Bone Marrow News and Research RSS Feed - Bone Marrow News and Research

Bone Marrow is the soft, sponge-like tissue in the center of most bones. It produces white blood cells, red blood cells, and platelets.
Study provides link between common mutations in blood cells of older adults and atherosclerosis

Study provides link between common mutations in blood cells of older adults and atherosclerosis

A new study provides some of the first links between relatively common mutations in the blood cells of elderly humans and atherosclerosis. [More]
Enzyme identified in baker's yeast can efficiently annihilate leukemia cells

Enzyme identified in baker's yeast can efficiently annihilate leukemia cells

An enzyme identified in Saccharomyces cerevisiae, commonly known as brewer's or baker's yeast, has passed in vitro trials, demonstrating its capacity to kill acute lymphoblastic leukemia (ALL) cells. [More]
Research offers new clues to prolong lifespan of the body's disease-fighting NK cells

Research offers new clues to prolong lifespan of the body's disease-fighting NK cells

A team of researchers from Australia and France have uncovered new insights into how to prolong the lifespan of the body's disease-fighting natural killer (NK) cells. [More]
Chemotherapy-induced senescent cells promote side effects and cancer relapse

Chemotherapy-induced senescent cells promote side effects and cancer relapse

Standard chemotherapy is a blunt force instrument against cancer - and it's a rare cancer patient who escapes debilitating side effects from systemic treatments that mostly affect dividing cells, both malignant and healthy, throughout the body. [More]
Knowledge bank approach could help find best treatment option for AML patients

Knowledge bank approach could help find best treatment option for AML patients

An international collaboration led by clinical researchers at the Wellcome Trust Sanger Institute has shown proof-of-concept that truly personalised therapy will be possible in the future for people with cancer. [More]
Study reveals brain activity may be key to link between stress and heart disease

Study reveals brain activity may be key to link between stress and heart disease

Increased activity in a deep-lying region of the brain called the amygdala is associated with a higher risk of heart attack and stroke, according to a study published in The Lancet.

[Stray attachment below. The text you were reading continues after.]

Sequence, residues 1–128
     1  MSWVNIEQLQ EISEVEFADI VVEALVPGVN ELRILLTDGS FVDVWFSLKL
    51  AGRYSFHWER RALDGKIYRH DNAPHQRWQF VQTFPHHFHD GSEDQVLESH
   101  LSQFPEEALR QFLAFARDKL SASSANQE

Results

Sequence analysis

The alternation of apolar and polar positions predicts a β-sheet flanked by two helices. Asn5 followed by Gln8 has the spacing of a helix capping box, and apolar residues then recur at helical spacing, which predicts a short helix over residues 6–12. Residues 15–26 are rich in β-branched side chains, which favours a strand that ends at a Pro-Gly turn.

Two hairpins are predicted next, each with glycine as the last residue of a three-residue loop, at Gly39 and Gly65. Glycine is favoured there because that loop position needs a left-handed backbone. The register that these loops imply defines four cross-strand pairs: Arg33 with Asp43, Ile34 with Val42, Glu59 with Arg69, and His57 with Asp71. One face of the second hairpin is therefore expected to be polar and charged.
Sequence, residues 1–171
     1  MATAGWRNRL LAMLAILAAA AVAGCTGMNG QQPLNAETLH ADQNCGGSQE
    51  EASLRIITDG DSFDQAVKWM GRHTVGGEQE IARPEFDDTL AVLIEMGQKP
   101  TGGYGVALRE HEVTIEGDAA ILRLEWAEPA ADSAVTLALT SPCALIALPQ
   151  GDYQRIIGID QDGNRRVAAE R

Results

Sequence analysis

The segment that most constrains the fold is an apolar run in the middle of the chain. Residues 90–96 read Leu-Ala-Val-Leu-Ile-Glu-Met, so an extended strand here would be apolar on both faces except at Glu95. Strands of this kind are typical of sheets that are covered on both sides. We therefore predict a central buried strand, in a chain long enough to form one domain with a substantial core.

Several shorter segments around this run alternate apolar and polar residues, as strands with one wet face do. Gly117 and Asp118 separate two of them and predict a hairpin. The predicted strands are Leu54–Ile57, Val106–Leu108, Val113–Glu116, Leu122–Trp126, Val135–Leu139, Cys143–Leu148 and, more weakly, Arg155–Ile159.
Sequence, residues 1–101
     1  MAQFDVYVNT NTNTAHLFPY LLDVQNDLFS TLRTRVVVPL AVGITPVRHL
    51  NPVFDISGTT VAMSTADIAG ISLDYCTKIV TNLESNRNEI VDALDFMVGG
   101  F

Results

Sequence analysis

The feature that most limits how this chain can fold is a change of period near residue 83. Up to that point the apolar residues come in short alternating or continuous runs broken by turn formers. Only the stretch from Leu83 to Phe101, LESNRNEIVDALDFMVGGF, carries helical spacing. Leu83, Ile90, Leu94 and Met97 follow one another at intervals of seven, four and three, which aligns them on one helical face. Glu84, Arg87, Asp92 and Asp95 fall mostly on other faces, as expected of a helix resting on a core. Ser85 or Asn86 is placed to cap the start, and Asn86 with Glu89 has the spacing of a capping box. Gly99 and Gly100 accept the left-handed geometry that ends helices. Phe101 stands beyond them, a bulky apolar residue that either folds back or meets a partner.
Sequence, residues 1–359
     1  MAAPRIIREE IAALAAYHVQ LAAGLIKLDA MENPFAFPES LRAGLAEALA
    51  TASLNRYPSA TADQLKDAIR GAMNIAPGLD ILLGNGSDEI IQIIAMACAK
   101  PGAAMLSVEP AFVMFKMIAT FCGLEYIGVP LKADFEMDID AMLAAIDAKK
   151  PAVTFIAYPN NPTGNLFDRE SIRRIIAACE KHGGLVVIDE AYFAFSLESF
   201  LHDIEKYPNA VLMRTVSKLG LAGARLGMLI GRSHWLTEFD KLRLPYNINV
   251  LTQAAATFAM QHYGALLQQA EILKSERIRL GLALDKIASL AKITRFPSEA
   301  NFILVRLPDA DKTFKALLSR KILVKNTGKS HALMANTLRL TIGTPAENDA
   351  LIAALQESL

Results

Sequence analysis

The amygdala is known to process emotions such as fear and anger and the finding sheds light on the possible mechanism by which stress can lead to cardiovascular disease (CVD), say the study authors. [More]
Inhibition of EZH2 protein could be new strategy to treat multiple myeloma

Inhibition of EZH2 protein could be new strategy to treat multiple myeloma

In a study published in the scientific journal Oncotarget, researchers from Uppsala University show how the protein EZH2 affects the development of multiple myeloma, and that inhibition of EZH2 could be used as a new strategy to treat the disease. [More]
New review finds successful outcomes for Achilles tendon tear with surgical and nonsurgical treatments

New review finds successful outcomes for Achilles tendon tear with surgical and nonsurgical treatments

A new literature review published in the Journal of the American Academy of Orthopaedic Surgeons found successful outcomes for an Achilles tendon tear with either minimally invasive surgery or nonsurgical bracing with a removable boot, especially in recreational athletes. [More]
Researchers identify possible treatment targets for myelodysplasia syndromes

Researchers identify possible treatment targets for myelodysplasia syndromes

Cincinnati Children's researchers report in Nature Immunology a new mechanism that controls blood cell function and several possible molecular targets for treating myelodysplasia syndromes (MDS) - a group of pre-malignant disorders in which bone marrow does not produce enough healthy blood cells. [More]
Blocking protein that initiates immune response against viral infections may help combat HIV

Blocking protein that initiates immune response against viral infections may help combat HIV